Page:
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You are making these ridiculous claims that the poor are somehow worse off in the United States than in Canada (with no evidence to support this), in order to bash the US. If you want to actually discuss something of substance, and stop referring to "you Americans" causing all these problems (implying that Aedes and myself, and other Americans on this board are personally responsible for some nonexistent mistreatment of poor people in America) then we could talk about policies that might actually help the poor (welfare was a failure). Until then, continue the anti-US bash-fest, it is quite hilarious that your jealousy inspires such violent passion!
Ya know, that you feel the compulsion to say that I, or any non-American, is jealous of you, really says a lot about how little you think of the rest of the world. It shows your atypical American utter contempt. Yes, I'm generalizing, but hey, when the whole world says that you scorn everything non-American, then just maybe you do.
To the heart of the matter; find a welfare system that does work. And, to appease Aedes and the "it works too well" type, (in other words, it doesn't actually work) find one that doesn't work too well. It ain't that hard, others have figured it out. You Americans can too! I believe in you America!:flowers::whistling:
I don't feel compelled to say this...but what else am I to think? You criticize us personally for the fact that our government threw out a failing welfare policy on what basis? Are poor people worse-off in the US compared to Canada? This is what you seem to claim, yet there is no data to support it. And if you do not claim this, then why are you whining about welfare if our poor people are doing just as well as those in Canada?
Why do we need welfare? The goal of welfare is to help poor people, yet isn't there something else that could be done to help them, besides re-institute a wasteful govt.-run social program to suck down tax dollars?
And if you compare countries around the world, standards of living are better, and disparity between classes is lower, in those countries which tend to be more capitalist than socialist.
which automatically insinuates the further a country sways toward capitalism the better the standard of living becomes. Well, the US is more capitalistic than Canada, and Canada is more socialistic than the US. So you didn't stop to think for a moment that a Canadian (or anyone else from a country that is more socialistic than the US) might read what you said in that post and take absolutely justified offense?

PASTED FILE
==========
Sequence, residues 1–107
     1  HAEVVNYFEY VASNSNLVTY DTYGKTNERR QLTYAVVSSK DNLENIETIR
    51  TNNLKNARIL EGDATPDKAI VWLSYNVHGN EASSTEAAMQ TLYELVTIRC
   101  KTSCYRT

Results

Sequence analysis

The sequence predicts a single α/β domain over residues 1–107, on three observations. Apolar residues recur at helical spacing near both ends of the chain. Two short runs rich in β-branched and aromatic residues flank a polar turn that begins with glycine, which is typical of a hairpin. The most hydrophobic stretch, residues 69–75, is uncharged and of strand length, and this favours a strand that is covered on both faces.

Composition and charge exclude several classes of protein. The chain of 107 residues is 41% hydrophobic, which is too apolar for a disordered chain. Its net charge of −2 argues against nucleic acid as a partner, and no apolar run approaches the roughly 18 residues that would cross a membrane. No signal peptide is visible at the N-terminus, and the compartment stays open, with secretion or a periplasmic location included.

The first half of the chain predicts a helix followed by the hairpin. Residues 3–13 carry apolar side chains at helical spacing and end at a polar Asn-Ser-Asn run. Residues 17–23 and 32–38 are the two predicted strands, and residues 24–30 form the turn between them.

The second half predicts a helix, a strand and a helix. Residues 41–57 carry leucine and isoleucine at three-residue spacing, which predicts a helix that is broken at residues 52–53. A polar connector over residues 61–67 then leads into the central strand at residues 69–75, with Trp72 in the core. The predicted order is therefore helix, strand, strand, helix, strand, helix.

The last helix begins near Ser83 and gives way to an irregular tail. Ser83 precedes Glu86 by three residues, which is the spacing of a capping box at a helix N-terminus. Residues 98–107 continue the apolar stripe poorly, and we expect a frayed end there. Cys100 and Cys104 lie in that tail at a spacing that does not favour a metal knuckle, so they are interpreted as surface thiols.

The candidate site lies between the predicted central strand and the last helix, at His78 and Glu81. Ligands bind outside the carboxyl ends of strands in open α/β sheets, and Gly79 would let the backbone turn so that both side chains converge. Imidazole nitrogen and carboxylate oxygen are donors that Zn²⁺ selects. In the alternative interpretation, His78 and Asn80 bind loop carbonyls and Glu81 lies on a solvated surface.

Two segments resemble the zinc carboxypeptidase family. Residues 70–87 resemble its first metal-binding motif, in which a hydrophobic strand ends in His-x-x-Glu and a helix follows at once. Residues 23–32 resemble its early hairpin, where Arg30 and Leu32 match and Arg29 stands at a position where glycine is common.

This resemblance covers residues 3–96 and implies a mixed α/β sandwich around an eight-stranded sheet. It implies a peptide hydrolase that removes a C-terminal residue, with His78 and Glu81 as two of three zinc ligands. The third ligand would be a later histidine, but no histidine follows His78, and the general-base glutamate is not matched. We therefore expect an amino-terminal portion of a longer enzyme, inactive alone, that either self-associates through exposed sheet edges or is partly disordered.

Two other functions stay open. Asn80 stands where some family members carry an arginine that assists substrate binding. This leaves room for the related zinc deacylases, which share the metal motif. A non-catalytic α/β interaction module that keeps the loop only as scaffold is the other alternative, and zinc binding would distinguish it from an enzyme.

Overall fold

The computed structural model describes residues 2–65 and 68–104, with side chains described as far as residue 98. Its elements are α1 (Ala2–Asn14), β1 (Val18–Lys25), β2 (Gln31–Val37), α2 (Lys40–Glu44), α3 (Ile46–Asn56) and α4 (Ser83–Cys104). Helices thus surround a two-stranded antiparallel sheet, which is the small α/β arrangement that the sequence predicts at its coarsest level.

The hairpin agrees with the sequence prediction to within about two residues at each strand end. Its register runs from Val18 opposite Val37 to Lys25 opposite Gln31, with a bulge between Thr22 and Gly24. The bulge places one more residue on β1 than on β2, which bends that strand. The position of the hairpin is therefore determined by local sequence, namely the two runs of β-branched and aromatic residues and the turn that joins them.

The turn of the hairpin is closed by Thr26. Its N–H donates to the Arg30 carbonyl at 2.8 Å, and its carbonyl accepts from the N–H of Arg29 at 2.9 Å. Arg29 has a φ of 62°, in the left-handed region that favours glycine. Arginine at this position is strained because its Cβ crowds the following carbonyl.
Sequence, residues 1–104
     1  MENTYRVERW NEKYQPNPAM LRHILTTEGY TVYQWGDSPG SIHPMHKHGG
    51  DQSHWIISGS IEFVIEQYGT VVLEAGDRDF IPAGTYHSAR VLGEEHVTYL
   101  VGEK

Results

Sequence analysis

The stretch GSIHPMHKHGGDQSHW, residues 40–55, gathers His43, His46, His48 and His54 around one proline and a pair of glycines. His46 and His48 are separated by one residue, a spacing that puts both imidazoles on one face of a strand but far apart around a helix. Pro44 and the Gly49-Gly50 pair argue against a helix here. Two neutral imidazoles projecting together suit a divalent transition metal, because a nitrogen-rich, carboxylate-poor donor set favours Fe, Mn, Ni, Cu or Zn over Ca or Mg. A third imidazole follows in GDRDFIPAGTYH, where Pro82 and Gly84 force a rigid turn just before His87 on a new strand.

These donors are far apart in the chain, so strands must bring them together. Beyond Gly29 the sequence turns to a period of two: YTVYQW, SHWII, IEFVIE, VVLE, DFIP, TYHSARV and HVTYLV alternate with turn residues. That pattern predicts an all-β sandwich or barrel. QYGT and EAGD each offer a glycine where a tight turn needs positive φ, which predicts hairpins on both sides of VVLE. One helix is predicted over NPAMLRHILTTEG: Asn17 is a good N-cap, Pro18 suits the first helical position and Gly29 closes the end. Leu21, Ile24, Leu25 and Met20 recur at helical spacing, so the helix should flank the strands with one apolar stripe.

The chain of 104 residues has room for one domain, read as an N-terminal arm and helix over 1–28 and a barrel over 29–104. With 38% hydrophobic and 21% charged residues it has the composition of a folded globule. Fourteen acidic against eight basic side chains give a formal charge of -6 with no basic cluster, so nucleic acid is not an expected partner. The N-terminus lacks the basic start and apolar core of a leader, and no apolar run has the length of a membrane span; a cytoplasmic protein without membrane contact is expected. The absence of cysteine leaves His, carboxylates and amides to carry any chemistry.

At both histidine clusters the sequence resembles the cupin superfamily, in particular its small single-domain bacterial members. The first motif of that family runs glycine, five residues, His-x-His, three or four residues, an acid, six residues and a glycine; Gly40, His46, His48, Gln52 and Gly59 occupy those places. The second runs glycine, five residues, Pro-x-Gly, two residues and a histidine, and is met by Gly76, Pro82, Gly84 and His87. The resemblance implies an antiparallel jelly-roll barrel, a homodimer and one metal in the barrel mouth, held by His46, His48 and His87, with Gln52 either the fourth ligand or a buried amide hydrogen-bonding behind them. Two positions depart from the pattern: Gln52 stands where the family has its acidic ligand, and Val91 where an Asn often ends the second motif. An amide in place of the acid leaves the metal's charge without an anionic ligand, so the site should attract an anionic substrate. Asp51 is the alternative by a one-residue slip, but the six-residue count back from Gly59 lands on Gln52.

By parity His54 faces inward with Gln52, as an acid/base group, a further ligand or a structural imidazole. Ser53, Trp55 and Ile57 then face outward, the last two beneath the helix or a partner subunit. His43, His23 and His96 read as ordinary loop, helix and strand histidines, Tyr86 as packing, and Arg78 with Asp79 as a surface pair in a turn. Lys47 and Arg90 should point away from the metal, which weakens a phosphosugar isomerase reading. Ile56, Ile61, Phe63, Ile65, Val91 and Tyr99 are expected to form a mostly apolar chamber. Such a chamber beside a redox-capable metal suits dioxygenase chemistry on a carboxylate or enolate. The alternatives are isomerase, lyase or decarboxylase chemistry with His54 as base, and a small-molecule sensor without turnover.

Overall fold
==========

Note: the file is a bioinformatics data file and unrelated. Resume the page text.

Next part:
I know I came on too strong and said things that I shouldn't have, and I apologize for that. But this sort of attitude is part and parcel to the very sorts of things that we've been talking about in this thread, not racism precisely but certainly prejudice and unfair judgements.
That's only racism if the characteristics are pejorative! For me to say that black people generally have darker skin than white people is not racism. But to say that black people are savages would be racism.
When it's neutral it's a generalization; when it's overapplied to the point that it becomes an assumption, it's a stereotype. And when it's pejorative, demeaning, negative, then it's racism. Of course racism can be active, too -- I mean categorically refusing to hire people because of their race is racism, whether or not there is a generalization behind it.
Do you understand?
That's not correct even in theory. If (to simplify) 65% of the country is white, but 95% of "desirable job x" is filled by white people, then whites are overrepresented and minorities underrepresented in this job relative to their proportion in the general population. So affirmative action seeks to incentivize hiring of minorities such that they're represented in proportion to their fraction of the total population.
We'd love to. Any suggestions?
I know that is not racism, but its the meaning I give to the word, or rather, the meaning I believe the word should have.
If in a country the minorities need a shair fare of representation else their situation gets grim then the people of this country are segregative.
trying to override the will of the population by forcing the majority to accept the minority in higher positions will only make things worse.
Oh and by the way Aedes, Antietam was technically only a marginal victory for the Union. You might be thinking of Guettysburg...
When you look at it though, even with the same man to man ratio, had the Confederacy been able to give thier soldiers the same amount of provisions (guns, munitions, clothing) they would have won the war.
On the matter of Pickett's Charge, that was an act of desperation unusual for Lee
And sure, in the middle of the war odds favored the Union, but before then, they only had the Confederacy at sea. Had Lee been able to set up a proper supply chain and been able to give his men what they needed, they could have taken Washington Before the end of the second or third year.
If we're going to find common ground in ideas, which is the whole point of philosophical discourse, we should probably at the bare minimum agree to use words the same way whether we fully agree or not!
Perhaps, but it also may be that the majority are not sufficiently aware of problems unique to that minority. That in itself is a justification for integration and representation.
You mean like abolishing slavery (opposed by the majority) made things worse? (And I'll remind you that slavery wasn't abolished until after the battle of Antietam in 1862, which was a crushing strategic defeat for the Confederacy -- the war was underway long before abolition).
The reason we elect people to office is that we can't always trust the popular majority to make the right or moral decision.